Washington Pulse: IRS Releases Proposed Forfeiture Guidance

Image: Washington Pulse: IRS Releases Proposed Forfeiture Guidance

The IRS recently released proposed regulations regarding the use of forfeitures within qualified retirement plans. This proposed rule clarifies how and when defined contribution plans must use forfeitures, provides a transition rule for defined contribution plans that have accumulated forfeitures over several plan years, and removes a requirement that conflicts with the minimum funding rules for defined benefit plans. The IRS proposes that the forfeiture regulations apply for plan years beginning on or after January 1, 2024.


Many defined contribution plans require participants to complete a certain period of service before becoming 100% vested in employer contributions. Participants who separate from service with less than 100% vesting, forfeit the unvested amount of their account balance. This unvested amount is removed from the participant’s account and held in a segregated forfeiture account for the plan administrator to use according to the method(s) described in the plan document. Employers will often use forfeiture account assets to pay the plan’s administrative expenses. Plan provisions may also allow employers to direct forfeitures into other participants’ accounts. But in some cases, plan administrators do not use their forfeitures as they accrue, allowing forfeiture balances to accumulate over time. The IRS informally addressed unallocated forfeitures several years ago in a 2010 newsletter Publication 4278 (Rev. 5-2010).

Defined Contribution Plans

The proposed regulations specifically state how and when a defined contribution plan must use forfeited assets. In addition, the proposed regulations provide transition relief for defined contribution plans that have permitted forfeiture assets to accumulate over a period of several years.

  • How forfeitures may be used. The proposed forfeiture regulations state that a qualified retirement plan may use forfeitures to
    • pay plan administrative expenses,
    • reduce employer contributions (including restoring conditionally forfeited participant accounts), or
    • increase benefits in other participants’ accounts in accordance with the terms of the plan document.
  • When forfeitures must be used. Forfeitures must be allocated no later than 12 months following the close of the plan year in which the forfeitures were created. So defined contribution plan forfeitures created during the 2024 plan year must be used within 12 months after the end of that plan year.
  • Transition relief in 2024. The proposed forfeiture regulations also provide for a transition rule that permits accumulated forfeitures generated in any year before 2024 to be allocated as if the forfeitures originated during the 2024 plan year. This broad transition relief applies regardless of the circumstances that caused forfeitures to accumulate over previous plan years.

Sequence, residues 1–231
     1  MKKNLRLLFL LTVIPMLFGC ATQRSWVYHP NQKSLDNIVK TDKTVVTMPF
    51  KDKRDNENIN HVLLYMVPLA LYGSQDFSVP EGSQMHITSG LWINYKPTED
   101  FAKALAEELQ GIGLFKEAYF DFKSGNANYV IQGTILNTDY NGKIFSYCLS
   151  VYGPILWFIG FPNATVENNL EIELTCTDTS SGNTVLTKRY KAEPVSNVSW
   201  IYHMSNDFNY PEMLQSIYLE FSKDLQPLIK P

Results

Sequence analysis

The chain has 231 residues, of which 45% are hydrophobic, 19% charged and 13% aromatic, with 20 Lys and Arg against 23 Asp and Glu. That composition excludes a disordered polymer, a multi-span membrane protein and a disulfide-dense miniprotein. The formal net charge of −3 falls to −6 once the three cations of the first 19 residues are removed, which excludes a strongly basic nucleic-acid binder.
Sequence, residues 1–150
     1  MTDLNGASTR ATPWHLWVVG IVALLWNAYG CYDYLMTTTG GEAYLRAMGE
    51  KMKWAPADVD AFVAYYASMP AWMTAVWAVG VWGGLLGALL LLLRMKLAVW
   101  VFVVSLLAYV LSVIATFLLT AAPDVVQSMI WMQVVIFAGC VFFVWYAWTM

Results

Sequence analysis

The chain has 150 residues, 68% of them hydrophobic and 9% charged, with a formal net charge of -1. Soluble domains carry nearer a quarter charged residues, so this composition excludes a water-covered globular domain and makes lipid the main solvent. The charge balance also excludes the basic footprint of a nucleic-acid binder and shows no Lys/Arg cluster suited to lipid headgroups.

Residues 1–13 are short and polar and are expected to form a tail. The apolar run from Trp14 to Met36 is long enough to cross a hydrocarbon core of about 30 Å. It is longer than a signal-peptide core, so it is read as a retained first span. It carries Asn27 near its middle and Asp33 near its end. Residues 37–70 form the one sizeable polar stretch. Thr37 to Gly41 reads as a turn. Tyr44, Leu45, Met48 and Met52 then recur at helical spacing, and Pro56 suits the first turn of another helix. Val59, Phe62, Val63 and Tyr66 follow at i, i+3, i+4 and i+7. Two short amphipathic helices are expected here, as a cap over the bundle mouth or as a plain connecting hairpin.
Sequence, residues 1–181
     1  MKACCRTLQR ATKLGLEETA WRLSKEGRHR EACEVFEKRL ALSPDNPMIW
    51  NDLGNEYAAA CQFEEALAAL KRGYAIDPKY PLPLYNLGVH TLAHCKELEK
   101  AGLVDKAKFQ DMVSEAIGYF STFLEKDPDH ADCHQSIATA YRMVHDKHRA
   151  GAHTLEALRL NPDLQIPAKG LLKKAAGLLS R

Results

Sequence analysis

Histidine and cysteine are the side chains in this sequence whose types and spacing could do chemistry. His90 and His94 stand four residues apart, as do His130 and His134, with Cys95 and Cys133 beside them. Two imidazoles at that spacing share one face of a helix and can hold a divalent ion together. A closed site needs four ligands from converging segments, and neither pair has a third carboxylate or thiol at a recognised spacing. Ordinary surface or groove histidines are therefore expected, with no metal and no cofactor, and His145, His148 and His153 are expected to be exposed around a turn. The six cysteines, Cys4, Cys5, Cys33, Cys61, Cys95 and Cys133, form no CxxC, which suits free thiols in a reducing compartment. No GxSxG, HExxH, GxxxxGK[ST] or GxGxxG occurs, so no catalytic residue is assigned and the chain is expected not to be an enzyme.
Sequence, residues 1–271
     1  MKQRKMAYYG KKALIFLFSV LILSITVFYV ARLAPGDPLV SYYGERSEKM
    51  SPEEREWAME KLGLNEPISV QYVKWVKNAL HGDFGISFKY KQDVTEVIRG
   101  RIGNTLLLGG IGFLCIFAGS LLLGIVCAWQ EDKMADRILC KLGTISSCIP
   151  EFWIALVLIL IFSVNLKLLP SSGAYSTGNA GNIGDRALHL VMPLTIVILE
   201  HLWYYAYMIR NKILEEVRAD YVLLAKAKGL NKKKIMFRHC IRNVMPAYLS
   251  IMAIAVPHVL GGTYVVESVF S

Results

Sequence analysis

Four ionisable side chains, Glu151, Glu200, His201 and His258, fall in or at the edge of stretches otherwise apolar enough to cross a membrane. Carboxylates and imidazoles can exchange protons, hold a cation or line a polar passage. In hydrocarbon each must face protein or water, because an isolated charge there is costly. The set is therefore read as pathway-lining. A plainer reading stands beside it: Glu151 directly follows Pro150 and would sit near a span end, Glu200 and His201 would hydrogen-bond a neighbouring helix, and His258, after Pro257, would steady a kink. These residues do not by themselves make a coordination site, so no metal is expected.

• Effect on interim document amendments. Employers should review their plan document to determine whether current forfeiture provisions comply with the proposed regulations. Employers may need to amend plan documents that do not comply with the regulations - once finalized – including amending to include the ability to use the transition rule. And an interim document amendment may be necessary for those employers who will use the transitional rule to allocate accumulated forfeiture balances in 2024. Such an interim document amendment would need to be adopted by December 31, 2026, based on the proposal, but in many cases, these provisions will likely be included with other amendments (e.g., amendments for SECURE and SECURE 2.0).

Defined Benefit Plans

The original forfeiture regulations required pension plans to use forfeitures as soon as possible to reduce employer contributions. But none of the defined benefit plan minimum funding standards allow required contributions to be offset by forfeitures of accrued benefits. Instead, the modified minimum funding standards require the use of reasonable actuarial assumptions to determine the effect of expected forfeitures on plan liabilities. The proposed forfeiture regulations now eliminate this inconsistency by specifically permitting employers to take forfeitures into consideration when determining costs and applying actuarial assumptions in the calculation of required plan contributions.

Next Steps

The IRS welcomed written or electronic comments on the proposed forfeiture regulations through March 30, 2023. Ascensus will continue to analyze new guidance as it is released. Visit ascensus.com for the latest developments.

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